Rudolph Giulianni (R) - An ideal candidate, since he has wide national recognition. However he's never held a top federal position, a congressional seat, or a governorship. He was just the popular mayor of NYC and a top federal lawyer. Most candidates usually have held higher offices before being a viable candidate. He's also pro-choice and very liberal for a Republican. He's balanced his pro-choice stance by saying that he's against abortion morally but while it's legal he will enforce that right if it's his responsibility to do so. His liberal stances may make it hard for him to raise money from Republicans, but many Democrats and Republicans like him. Bush could groom him for the presidential position by giving him a cabinet post. He would be ideally suited to being either Attorney General or the Secretary of Homeland Security. John Ashcroft and Tom Ridge may be leaving soon and he could fill one of those vacancies. However, while Guilianni was a very vocal supporter of Bush in this year's election, Guilianni may simply be too liberal for Bush.

Dick Chaney (R) - He has expressly said he doesn't want to be president. He has health problems and he's not very charismatic. While he has an impressive resume in politics, he's not seen as very likable.

Colin Powell (R) - He has expressly said he doesn't want to be president. He might have been a viable candidate in 2000, but he's missed his chance.

Jeb Bush (R) - He has expressly said he doesn't want to be president. He has a Mexican wife who people may not accept as a First Lady. However if he changes his mind, he could be a contender.

John McCain (R) - There's a question as to whether he was born in the USA, and is therefore eligible to be President. He was born in the Panama Canal Zone. At the time he was born it was US territory, but as of 2000 we turned the Panama Canal Zone over to Panama as Jimmy Carter originally put into motion. Therefore it's debatable on whether he was born in this country. His candidacy would therefore be open to a court challenge. Eventually it might reach the Supreme Court which is conservative and would probably vote in McCain's favor. He is very popular amongst Republicans and Democrats. However he is not a good fund raiser. His lack of fund raising skills hurt him in 2000. He is also not popular amongst the powerful elite in his party who consider him an outsider, and it was not appreciated that he challenged George W. Bush in 2000 and beat him in several primaries before he ran out of money. Republicans don't like their candidates being hurt in primaries and don't want to open themselves to the same weakness of a primary fight as Democrats do. If he can find a way to make peace with the Republican powers and find a way to overcome his fundraising weakness, then he might be a good candidate. However he will be 72 in 2008 and many people won't vote for him because of his elderly age (which hurt Bob Dole 1996).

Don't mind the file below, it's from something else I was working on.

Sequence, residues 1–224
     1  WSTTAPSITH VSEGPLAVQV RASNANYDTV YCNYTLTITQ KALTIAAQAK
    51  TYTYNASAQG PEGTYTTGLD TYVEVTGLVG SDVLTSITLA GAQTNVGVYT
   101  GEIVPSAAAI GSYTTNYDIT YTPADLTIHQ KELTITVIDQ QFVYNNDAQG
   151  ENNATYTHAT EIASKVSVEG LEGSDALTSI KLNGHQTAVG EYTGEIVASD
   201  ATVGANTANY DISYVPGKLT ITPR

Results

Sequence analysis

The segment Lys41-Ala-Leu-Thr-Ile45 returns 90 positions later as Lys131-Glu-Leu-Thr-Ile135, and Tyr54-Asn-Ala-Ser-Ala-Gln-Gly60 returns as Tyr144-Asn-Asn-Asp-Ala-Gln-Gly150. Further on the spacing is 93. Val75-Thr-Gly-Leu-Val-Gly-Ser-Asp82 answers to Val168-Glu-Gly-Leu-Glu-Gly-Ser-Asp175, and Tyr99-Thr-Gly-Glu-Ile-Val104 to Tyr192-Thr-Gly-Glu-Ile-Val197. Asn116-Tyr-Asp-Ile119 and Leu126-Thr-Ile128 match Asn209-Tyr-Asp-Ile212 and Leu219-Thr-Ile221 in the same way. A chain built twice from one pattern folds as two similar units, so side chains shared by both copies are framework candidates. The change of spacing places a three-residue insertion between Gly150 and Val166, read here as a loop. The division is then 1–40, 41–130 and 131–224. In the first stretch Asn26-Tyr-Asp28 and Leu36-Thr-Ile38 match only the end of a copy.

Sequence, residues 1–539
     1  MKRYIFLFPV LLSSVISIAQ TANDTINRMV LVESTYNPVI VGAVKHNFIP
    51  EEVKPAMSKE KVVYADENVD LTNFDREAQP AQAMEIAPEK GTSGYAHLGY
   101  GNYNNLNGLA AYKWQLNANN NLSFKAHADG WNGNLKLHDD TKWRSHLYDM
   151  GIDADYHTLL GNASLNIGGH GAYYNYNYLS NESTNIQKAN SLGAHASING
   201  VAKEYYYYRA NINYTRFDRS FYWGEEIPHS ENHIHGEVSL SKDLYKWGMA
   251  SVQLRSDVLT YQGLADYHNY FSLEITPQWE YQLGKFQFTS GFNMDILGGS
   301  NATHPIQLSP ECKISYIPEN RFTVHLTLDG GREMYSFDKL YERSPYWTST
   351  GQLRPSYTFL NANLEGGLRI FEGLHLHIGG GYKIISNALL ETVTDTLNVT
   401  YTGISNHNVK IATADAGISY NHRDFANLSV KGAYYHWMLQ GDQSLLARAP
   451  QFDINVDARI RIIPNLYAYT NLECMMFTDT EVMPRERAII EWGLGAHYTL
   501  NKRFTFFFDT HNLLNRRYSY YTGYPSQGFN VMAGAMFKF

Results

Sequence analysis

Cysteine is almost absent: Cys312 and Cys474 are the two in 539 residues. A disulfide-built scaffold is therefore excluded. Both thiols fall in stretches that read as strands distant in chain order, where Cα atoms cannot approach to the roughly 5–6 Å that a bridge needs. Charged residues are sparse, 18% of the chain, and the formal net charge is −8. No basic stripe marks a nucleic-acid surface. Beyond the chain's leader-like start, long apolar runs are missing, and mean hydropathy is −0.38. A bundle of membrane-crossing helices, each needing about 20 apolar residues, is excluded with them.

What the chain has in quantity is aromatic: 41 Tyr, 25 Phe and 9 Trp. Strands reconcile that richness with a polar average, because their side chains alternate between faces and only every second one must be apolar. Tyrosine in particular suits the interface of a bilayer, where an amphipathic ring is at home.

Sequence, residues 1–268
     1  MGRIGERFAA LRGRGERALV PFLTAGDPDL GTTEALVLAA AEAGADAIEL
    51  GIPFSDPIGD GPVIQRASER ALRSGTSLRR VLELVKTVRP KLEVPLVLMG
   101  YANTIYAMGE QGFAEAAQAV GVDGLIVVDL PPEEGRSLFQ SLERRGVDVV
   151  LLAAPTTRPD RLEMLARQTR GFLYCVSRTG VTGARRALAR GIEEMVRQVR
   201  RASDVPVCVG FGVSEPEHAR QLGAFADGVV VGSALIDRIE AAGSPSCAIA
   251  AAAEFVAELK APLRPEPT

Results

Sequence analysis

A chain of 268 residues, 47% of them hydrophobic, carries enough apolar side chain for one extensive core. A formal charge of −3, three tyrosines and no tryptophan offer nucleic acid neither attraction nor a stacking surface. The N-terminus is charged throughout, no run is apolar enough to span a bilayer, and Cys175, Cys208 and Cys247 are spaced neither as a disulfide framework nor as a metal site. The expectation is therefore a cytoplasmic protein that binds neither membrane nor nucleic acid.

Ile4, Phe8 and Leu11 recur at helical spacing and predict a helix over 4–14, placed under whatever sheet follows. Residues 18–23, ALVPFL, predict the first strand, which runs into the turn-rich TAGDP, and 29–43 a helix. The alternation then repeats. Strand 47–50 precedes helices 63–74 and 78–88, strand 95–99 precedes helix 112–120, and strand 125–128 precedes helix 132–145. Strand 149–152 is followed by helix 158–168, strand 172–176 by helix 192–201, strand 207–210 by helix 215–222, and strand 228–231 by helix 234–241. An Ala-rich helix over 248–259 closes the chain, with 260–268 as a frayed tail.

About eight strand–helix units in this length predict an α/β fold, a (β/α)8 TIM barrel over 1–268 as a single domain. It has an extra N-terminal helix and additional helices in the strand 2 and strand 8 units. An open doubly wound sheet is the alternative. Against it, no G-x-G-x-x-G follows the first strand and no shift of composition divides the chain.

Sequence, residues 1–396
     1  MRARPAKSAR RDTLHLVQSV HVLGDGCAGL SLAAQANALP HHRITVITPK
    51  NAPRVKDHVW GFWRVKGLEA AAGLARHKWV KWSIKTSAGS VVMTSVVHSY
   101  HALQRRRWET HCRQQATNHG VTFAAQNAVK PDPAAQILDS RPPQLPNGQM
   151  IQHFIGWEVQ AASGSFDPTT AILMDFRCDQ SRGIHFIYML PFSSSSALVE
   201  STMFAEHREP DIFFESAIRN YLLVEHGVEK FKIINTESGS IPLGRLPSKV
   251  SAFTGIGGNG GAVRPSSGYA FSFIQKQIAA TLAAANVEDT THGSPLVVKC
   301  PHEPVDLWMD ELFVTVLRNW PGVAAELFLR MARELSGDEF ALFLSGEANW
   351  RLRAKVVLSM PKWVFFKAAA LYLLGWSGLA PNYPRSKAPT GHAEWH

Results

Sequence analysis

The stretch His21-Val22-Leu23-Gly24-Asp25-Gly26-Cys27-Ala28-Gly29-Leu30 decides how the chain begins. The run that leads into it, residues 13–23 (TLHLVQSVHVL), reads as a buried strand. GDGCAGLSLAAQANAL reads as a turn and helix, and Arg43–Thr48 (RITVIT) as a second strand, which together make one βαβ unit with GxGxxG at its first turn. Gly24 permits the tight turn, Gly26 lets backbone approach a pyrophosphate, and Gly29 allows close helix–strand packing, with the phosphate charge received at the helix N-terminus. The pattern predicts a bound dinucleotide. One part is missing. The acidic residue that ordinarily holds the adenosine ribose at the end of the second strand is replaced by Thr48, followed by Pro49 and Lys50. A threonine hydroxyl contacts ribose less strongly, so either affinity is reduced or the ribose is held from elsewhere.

Bill Frist (R) - His name is mentioned since he is the Republican majority leader in the Senate. However, top leaders in Congress are usually picked now for their moderate and quiet demeneor. Bill Frist isn't that charismatic and the duties of a party leader are extreme and do not allow him to take time off to fundraise and campaign. He would probably have to give up his top post to run and Republicans don't want to scramble for another leader if they don't have to. Republicans tend to discourage and punish infighters and those who cause infighting.

Do you have any names to add to the list?